The first units of the joint detachment of the Russian Armed Forces’ international anti-mine center arrived at the Hmeimim airbase on Thursday to take part in a mine clearing operation in the city of Palmyra, the press service of the Russian Defense Ministry told reporters.
"Today, the first units of the joint detachment of the International Anti-Mine Center of the Armed Forces of the Russian Federation arrived at the Hmeimim airbase in the Syrian Arab Republic to take part in humanitarian demining of life support facilities in the historic part of the ancient city of Palmyra," says the ministry’s statement, received by TASS.
"The detachment’s units were airlifted [to Syria] by the Antonov An-124 Ruslan and Ilyushin Il-76 planes of the Military Transport Aviation," the report says.
The Russian Defense Ministry said that the detachment is furnished with the most advanced mine clearing and protective equipment. In addition to sappers, the detachment includes mine detection dog handlers. During the mine clearing operation the Russian experts will also use the Uran-6 robots.
Previously, a military-diplomatic source told TASS that the total number of Russian sappers and detector dog handlers that will be engaged in the mine clearing operation in the city of Palmyra in Syria will reach some 100 people. He said that the mine clearing operation would last several months at least. The Russian military are to demine not only the city’s historic part, but also residential areas and approach routes to Palmyra.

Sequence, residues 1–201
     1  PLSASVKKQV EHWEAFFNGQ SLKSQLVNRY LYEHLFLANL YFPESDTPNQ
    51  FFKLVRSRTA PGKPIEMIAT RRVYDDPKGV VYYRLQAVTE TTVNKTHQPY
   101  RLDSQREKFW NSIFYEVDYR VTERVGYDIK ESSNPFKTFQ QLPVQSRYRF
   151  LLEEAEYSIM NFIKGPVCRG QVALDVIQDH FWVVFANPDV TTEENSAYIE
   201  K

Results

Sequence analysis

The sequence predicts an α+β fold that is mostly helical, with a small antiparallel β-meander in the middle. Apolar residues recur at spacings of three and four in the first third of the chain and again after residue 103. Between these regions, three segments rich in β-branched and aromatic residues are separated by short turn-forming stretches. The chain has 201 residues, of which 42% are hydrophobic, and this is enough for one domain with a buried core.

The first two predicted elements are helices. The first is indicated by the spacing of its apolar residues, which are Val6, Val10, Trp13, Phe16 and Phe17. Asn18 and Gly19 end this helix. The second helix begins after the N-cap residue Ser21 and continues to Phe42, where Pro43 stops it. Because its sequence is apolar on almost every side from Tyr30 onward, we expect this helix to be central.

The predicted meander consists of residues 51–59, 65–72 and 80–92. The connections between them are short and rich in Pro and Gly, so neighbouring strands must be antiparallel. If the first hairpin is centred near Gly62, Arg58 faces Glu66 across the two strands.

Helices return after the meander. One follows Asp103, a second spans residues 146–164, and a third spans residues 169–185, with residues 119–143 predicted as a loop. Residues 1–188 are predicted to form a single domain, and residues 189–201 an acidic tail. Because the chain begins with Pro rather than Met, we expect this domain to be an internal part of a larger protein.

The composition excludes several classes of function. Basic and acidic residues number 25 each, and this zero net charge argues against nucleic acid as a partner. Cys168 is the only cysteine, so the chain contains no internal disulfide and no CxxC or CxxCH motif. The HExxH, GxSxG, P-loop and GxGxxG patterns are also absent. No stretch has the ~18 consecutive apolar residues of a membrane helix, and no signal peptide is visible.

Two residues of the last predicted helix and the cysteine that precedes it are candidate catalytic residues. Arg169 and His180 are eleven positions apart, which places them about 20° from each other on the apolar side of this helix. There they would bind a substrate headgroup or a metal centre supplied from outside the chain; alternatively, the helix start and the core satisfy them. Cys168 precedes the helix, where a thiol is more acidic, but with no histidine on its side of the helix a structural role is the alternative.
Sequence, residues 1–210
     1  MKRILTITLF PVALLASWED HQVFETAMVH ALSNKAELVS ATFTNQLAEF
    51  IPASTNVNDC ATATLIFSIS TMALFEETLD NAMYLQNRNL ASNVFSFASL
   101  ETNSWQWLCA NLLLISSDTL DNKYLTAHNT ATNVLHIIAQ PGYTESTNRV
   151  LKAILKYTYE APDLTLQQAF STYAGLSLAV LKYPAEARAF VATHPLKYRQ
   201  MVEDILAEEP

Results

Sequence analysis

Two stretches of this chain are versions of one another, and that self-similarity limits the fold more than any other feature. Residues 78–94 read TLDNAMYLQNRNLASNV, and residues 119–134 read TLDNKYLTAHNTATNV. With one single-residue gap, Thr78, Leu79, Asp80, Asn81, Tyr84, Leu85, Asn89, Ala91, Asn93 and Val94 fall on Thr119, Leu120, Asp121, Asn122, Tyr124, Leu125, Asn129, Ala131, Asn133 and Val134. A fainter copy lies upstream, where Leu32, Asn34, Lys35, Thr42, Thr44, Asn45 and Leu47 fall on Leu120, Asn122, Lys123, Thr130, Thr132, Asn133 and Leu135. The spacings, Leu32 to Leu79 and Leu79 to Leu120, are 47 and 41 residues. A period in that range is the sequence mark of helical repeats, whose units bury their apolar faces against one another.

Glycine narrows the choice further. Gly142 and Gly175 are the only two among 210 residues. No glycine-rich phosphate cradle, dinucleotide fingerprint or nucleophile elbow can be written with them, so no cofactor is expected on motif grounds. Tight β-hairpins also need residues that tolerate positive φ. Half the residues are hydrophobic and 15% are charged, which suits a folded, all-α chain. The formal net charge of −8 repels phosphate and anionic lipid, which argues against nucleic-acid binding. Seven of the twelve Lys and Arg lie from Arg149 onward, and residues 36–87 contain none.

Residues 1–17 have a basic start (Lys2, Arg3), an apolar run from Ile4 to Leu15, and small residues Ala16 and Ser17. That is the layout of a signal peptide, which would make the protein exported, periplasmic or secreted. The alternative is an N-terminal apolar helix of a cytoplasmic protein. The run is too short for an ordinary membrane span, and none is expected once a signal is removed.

On Monday, Chief of the Russian General Staff Valery Gerasimov said that sappers with robots and sniffer dogs for mine detection would be dispatched from Russia to Syria. He also invited other countries to join the Palmyra mine clearing operation.
The Syrian army said on Sunday that it liberated the ancient city of Palmyra, a UNESCO world heritage site, with support from the Russian air group.
Palmyra, an ancient city in Syria’s Homs province some 210 kilometers from Damascus, was seized by gunmen of the Islamic State (a terrorist organization outlawed in Russia) in early summer 2015. The Syrian authorities said back then that Palmyra with its monumental ruins of a great city that was one of the most important cultural centers of the ancient world standing at the crossroads of several civilizations, could share the fate of Iraq’s ancient cities of Assur, Nimrud and Hatra that were destroyed by Islamic State militants.
Russia began to deliver pinpoint air strikes against terrorist targets in Syria on September 30, 2015 at the request from Syria’s President Bashar Assad. Withdrawal of the major part of Russia’s air group from Syria began on March 15. The Russian defense ministry says however that Russian warplanes will continue air strikes against terrorist targets.
A ceasefire regime brokered by Russia and the United States on February 22 officially came into effect in Syria at midnight Damascus time on February 27. This does not cover terrorist groups such as Islamic State and Jabhat al-Nusra, both outlawed in Russia, and other groups recognized as terrorist by the United Nations Security Council.
First published by TASS.
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